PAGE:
Microsoft operates differently from other enterprise vendors, said Mary Welch, an analyst at Gartner in Stamford, Conn.

For example, while other software vendors change contract terms occasionally, Microsoft does so an average of two to four times per year, Welch said.

Another example: There used to be no limit on the number of users who could connect to a single copy of Windows NT Workstation, prompting many midsize IT shops to use the product as an Internet server operating system. But Microsoft now limits the number of users to 10, forcing many companies to upgrade to the pricier NT Server. That's a price difference of at least $200 per server, Welch said.

"Microsoft comes in with a very low [package] price to gain market share. Then as share increases, they figure out ways to increase revenue without changing list prices," she added.


Bill Gates It isn't against the law to be a monopoly. It is against the law to compete unfairly.

The federal government, a large number of states, and quite a few companies went to court claiming that Microsoft acted illegally and that this is bad for the computer industry and the consumer. Just the number of them alone indicated that something was wrong somewhere. They won their case and it was decided that Microsoft should be split up and made to obey the law. Then George W. Bush decided that wasn't necessary and it never happened. Now Microsoft is being taken to court in Europe.

Microsoft is spending a lot of money on publicity to convince us they are just trying to do a good job and they are being persecuted unreasonably. The media simply tells us what's happening and who's saying what with no attempt to relate it to reality regardless of how ridiculous it is. Since Microsoft is spending a lot more than the other side to get their message to the public, their side is what we hear most. Most folks get their opinions by looking to see what they hear most. I hear people around me repeating what they heard, admittedly not knowing, just repeating.

I witnessed and remember a lot of what this is about and would like to be one of the people whose opinion you heard and maybe even repeat.

Some History

When the PC first came out in 1982, IBM made technical information about it freely available. Books that came with it had circuit diagrams of the motherboard. Specifications and diagrams of device controllers were included. Listings of the BIOS went out with every PC. There was enough information to build one yourself. Other companies were soon selling "PC clones" and "PC compatibles". Now we can buy PC compatible computers from hundreds of companies. Surely we all agree that competition has been good for the product and for the consumers.

In the 1980s when Intel brought out the 8088, 8086, and 80x86 processors, they made technical information about them freely available. Soon there were other companies making compatible processors. Now there are companies competing seriously against Intel. These competing processors are winning awards, and being used by major manufacturers in their computers. Read any computer industry journal for a while and you'll see how this competition has kept Intel on their toes, releasing better processors and lowering prices sooner than they might have otherwise. It has certainly been good for the consumer.

In 1982 IBM released the PC with two operating systems available. One was PC-DOS or MS-DOS (by Microsoft) and the other was CP/M-86 (by Digital Research). Neither operating system was included with a new PC. The consumer had a choice of which to buy. Internal details of these operating systems were concealed and copyrighted. Still, there were soon others competing for our attention. But, as other companies produced compatible computers, we began to see MS-DOS included with the computer. Microsoft made quantity discounts available to PC manufacturers only if they bought a copy for every computer they made. The effect of this was to discourage making multiple operating systems available. Now there is no significant competition in PC operating systems. Some say this is a good thing. I disagree.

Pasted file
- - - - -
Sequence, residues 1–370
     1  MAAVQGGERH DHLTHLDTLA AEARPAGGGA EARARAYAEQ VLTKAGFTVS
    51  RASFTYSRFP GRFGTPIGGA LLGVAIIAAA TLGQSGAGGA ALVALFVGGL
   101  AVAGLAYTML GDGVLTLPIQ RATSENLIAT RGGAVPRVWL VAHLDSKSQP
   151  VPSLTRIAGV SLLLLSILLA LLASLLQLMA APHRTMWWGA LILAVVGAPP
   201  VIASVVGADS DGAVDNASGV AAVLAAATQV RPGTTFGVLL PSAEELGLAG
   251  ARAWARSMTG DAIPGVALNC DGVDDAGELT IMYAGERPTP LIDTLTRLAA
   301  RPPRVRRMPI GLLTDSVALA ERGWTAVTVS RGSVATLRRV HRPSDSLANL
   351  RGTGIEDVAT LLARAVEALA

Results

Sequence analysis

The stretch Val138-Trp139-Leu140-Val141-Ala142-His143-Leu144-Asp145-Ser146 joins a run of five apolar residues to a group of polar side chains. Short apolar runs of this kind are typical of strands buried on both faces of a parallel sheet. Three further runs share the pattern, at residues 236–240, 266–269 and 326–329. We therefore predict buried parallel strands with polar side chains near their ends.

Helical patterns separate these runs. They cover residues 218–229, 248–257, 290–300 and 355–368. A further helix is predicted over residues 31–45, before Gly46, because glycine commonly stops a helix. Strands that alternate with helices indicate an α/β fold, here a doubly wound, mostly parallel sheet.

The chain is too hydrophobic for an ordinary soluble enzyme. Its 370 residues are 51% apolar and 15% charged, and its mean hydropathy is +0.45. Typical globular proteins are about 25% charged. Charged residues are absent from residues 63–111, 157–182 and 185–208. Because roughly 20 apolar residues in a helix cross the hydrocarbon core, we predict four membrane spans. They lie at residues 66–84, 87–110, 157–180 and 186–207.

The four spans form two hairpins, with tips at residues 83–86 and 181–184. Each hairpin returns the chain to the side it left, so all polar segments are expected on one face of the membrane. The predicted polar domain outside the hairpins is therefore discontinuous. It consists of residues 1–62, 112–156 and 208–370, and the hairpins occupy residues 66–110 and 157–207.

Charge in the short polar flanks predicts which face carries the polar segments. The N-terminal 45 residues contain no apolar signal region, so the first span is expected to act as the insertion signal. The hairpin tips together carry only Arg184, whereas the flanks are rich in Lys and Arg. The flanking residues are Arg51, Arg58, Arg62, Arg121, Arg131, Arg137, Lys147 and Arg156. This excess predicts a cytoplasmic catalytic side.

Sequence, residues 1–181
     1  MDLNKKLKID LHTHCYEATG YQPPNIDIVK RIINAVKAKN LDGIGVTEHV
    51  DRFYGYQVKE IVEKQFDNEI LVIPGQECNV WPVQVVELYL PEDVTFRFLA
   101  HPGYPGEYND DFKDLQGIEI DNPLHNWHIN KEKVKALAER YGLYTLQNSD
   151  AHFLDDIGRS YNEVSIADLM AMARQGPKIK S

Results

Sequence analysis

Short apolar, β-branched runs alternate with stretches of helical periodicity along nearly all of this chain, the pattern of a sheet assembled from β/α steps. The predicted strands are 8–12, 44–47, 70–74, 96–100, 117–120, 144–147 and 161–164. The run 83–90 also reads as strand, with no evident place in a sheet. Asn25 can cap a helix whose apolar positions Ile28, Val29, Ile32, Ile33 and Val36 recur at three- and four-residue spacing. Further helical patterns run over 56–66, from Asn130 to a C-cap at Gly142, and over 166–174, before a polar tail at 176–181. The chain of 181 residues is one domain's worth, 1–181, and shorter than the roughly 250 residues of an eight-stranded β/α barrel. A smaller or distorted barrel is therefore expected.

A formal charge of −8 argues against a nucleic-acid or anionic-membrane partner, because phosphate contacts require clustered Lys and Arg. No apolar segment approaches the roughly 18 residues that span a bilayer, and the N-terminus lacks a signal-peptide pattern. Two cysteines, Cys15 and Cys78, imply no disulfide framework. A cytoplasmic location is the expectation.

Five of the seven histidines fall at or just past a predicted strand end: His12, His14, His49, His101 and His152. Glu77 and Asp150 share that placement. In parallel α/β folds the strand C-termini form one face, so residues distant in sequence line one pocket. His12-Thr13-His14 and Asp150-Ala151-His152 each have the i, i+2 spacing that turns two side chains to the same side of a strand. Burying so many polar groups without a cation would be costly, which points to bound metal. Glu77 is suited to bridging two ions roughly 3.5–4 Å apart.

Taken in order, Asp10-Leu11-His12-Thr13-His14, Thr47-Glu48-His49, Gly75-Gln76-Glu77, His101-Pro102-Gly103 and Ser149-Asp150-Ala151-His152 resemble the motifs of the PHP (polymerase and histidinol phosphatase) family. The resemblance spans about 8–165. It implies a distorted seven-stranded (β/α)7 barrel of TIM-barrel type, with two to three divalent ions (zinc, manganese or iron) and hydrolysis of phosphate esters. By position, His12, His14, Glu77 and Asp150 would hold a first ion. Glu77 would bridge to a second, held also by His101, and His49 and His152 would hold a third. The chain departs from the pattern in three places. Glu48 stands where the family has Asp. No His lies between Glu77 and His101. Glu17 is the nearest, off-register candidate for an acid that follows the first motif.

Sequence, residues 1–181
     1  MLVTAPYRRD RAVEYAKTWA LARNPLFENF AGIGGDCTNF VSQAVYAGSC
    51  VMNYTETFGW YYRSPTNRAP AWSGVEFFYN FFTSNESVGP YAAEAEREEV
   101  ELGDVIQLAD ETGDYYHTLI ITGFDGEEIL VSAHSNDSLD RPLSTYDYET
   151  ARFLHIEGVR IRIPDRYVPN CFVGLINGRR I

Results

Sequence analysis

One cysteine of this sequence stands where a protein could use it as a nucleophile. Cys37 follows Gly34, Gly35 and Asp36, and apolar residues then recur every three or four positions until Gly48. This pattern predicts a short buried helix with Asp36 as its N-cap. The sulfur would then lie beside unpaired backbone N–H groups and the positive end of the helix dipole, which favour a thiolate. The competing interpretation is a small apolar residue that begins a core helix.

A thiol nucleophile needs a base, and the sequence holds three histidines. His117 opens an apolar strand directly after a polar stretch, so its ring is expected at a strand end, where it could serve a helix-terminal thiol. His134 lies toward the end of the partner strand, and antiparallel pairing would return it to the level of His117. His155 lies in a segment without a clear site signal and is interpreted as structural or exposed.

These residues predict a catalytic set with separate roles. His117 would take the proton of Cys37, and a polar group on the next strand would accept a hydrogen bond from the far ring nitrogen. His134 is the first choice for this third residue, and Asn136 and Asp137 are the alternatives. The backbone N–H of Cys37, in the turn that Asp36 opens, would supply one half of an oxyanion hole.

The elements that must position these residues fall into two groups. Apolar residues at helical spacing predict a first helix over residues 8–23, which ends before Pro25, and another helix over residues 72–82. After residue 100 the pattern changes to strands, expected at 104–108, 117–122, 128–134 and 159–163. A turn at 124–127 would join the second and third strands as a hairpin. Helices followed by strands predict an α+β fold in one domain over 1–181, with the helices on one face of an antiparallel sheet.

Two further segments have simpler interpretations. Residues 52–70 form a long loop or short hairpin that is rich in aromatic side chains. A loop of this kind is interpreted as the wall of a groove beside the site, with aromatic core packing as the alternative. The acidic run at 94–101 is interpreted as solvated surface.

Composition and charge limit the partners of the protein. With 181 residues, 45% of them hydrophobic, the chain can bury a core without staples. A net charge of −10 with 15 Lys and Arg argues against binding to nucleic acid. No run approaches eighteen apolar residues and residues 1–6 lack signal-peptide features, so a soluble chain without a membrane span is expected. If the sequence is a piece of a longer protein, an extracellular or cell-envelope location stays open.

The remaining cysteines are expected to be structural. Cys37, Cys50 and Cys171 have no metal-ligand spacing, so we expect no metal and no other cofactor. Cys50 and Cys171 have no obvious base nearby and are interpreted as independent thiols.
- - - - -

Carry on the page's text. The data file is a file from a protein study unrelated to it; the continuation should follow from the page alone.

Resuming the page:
Turnkey Systems

There's a phrase you don't here anymore. Just turn the key and off you go! I suppose that's the idea. Microsoft says they have made it possible for ordinary folks to use computers. We can go to the store and buy a machine, ready to go with all the software pre-installed. This is why they should be allowed to produce both operating systems and applications. It is this "seamless" integration of operating system and application by one manufacturer that makes it all possible. Well, let's take a look.

Microsoft didn't invent making things work together. Before Microsoft had enough products to assemble a turnkey system, computer manufacturers and resellers were putting excellent products together. Twenty-five years ago Gateway, Dell, Compaq, and others could sell you a machine with an operating system, word processor, personal finance package, communication program, and utilities already installed. If you look carefully, you'll see it's still that way. It's the computer company, not the software company that puts it all together in one package for us. The computer we buy has software from many companies, not just one.


We are told that any limits put on Microsoft will stifle innovation. You don't have to look far to see through that one. Think for a moment - limits are what cause innovation. How many of these programs, which Microsoft did not pioneer, did they even produce, and how many did they buy and rework? The company is notorious for its attempts to buy out and squash competition. The result of all this is that there is not serious motivation to innovate and compete anymore. If you have a good idea and develop a good product, the best you can hope for is to get bought by Microsoft.

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